When you think of agriculture, do you think of technology? If not, you should. Innovative agriculture techniques play a vital role in the next generation of food production—which explores how technology can address important issues related to food.
One of those issues is disparities around access to healthy, fresh food. COVID-19 has only exacerbated food insecurity. The food insecurity rate in Nebraska has been estimated to rise 20% between 2019 and 2020 due to the pandemic. Equitable access to local, fresh, affordable food will be critical in helping to address hunger.
This is the kind of work being done by Kiran Bastola, a bioinformatics professor at UNO with a Ph.D. in plant biology—and the grandson of farmers in Nepal, where nearly 70% of the population is involved in agriculture. Bastola has created a food computer with multiple applications, from education to farming to developing better food-based plants. His work explores environmentally controlled agriculture, where computer programs can closely monitor and adjust different environmental factors to maximize the elements of a plant's biology—making food-based plants fresher, longer-lasting and better tasting.
Personal food computer
Bastola‘s personal food computer can be used in the classroom, at home or in a small business. It is an enclosed plant growth chamber the size of a dorm-room refrigerator loaded with LEDs, sensors, pumps, fans, control electronics, and a hydroponic tray for growing plants.
The chamber is attached to a computer, and uses technology to adjust factors like light, air, humidity, water and temperature to create the ideal growing environment for the food being grown inside. Microgreens require a different environment than basil, for example, and the computer takes out any guesswork. It’s a simple yet revolutionary idea: a portable box that can grow practically any kind of plant—just by downloading a recipe and planting some seeds.
Tech-assisted indoor farming could help combat food insecurity and food access disparity in underserved communities—whether that be in urban or rural areas. The real agricultural impact is the potential to grow crops indoors, which can feed more people using less land and water. And crops can grow year-round.
No green thumb is needed for users to grow plants that can then be consumed or sold. It supports both people who need access to food—and the people providing that food. In addition to feeding families, plants grown with the food computer can serve as a source of viable income, using cost-effective, innovative agricultural techniques—which creates an economic as well as a social benefit.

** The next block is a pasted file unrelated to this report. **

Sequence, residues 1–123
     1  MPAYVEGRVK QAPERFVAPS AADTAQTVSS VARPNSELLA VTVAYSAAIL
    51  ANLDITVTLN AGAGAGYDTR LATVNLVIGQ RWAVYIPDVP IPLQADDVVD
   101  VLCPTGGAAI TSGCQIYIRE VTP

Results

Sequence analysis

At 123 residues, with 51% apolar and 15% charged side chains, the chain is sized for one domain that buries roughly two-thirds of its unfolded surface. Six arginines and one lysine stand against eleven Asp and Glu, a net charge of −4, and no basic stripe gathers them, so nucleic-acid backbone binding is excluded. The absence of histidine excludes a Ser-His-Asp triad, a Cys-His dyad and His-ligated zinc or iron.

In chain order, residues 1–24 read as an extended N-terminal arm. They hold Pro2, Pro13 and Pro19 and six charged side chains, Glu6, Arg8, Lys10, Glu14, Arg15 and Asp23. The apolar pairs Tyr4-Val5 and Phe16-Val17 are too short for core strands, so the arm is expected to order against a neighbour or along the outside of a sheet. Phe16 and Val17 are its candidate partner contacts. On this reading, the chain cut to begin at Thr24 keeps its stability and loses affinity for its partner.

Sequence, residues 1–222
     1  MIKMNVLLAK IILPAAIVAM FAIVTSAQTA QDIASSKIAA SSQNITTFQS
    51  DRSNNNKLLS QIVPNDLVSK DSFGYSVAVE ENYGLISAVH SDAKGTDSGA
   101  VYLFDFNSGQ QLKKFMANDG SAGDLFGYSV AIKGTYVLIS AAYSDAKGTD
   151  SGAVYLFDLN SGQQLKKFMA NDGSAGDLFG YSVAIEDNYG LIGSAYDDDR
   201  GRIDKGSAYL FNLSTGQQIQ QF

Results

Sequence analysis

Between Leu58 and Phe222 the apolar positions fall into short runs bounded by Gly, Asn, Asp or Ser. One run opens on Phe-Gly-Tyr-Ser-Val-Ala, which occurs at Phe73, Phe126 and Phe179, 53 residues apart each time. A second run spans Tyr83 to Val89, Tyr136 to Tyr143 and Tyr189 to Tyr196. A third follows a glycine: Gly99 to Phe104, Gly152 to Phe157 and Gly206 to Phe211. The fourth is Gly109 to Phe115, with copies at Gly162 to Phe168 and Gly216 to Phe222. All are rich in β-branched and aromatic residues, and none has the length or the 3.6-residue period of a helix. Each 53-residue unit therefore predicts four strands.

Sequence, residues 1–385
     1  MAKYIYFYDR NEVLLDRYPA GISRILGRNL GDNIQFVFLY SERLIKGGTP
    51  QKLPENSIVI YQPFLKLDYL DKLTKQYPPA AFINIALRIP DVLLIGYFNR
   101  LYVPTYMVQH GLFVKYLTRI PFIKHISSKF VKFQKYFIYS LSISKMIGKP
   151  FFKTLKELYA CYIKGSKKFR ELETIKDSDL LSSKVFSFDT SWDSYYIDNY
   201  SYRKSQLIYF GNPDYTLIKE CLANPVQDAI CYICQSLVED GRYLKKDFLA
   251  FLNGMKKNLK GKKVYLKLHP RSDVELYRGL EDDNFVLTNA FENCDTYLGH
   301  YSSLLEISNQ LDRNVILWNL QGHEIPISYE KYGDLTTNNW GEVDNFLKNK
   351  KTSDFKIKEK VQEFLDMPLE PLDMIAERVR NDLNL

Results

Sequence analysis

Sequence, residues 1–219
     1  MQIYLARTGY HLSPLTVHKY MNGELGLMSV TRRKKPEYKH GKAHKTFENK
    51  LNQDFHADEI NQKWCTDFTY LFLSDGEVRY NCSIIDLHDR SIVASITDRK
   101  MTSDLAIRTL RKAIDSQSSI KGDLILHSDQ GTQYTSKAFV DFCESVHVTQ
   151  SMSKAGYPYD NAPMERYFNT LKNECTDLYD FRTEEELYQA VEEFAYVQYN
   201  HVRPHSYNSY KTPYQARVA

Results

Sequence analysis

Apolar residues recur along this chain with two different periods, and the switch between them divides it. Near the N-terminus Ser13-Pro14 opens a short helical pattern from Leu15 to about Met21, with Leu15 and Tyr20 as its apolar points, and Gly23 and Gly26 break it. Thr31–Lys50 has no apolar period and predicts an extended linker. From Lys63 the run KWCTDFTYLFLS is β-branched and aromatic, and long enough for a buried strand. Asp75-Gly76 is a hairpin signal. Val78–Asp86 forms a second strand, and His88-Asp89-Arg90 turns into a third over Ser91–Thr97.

Science education in K-12 schools
Bastola’s food computer has been used by graduate students in UNO’s College of Information Science and Technology and elementary school students alike to better understand the concepts behind the food we eat.
"We need to be preparing young generations to understand and be interested in agriculture,” Bastola said. “They may have an understanding of farming that is not complete. Many students may not want to go into traditional farming, but they may be interested in farming that features an IT component, such as technology-assisted farming."
Bastola has worked to bring technology like the food computer into classrooms in rural and urban areas across the region, especially those with high levels of food insecurity and fewer opportunities to learn STEM-based skills. The more that young people are engaged at an early age, the more likely they are to envision themselves addressing the pressing issues that will impact food production in the coming decades.
The food computer is a way to make science, technology and even math come to life. Teachers can instruct students on carbon dioxide, and plant life cycles, photosynthesis and chlorophyll using real plants instead of a blackboard. And it creates an actual harvest—lettuce, basil, tomatoes and spicy microgreens that students eat and take home. This is food that many students have rarely eaten, but have now grown themselves.
Indoor farming: food source of the future?
As the number of mouths that need to be fed across the world has grown, the idea of indoor farming is gaining traction. Indoor farming isn't land intensive. New technologies like Bastola’s and advancements in hydroponics are making it possible to grow crops without pesticides, soil or even natural light. And indoor crops can be stacked vertically, making it environmentally sustainable.
Bastola hopes to turn his concept into a food revolution through education, continued research and entrepreneurship. He plans to continue working with community partners who combat food disparities and training young scientists in STEM skills that support agriculture in an urban environment. He would also like to increase the amount of indoor farming being done, especially when it comes to commercial production.
“My dream is for the food computer to not only help people who want to eat healthy but can’t afford it—but to also serve as a source of income. I’ve seen people growing microgreens who make anywhere from $1,000 to $1,500 per week. That could make a tremendous economic difference,” Bastola said. “And, at the end of the day, that's why I’m here. To make a difference.”
For more information:
University of Nebraska Omaha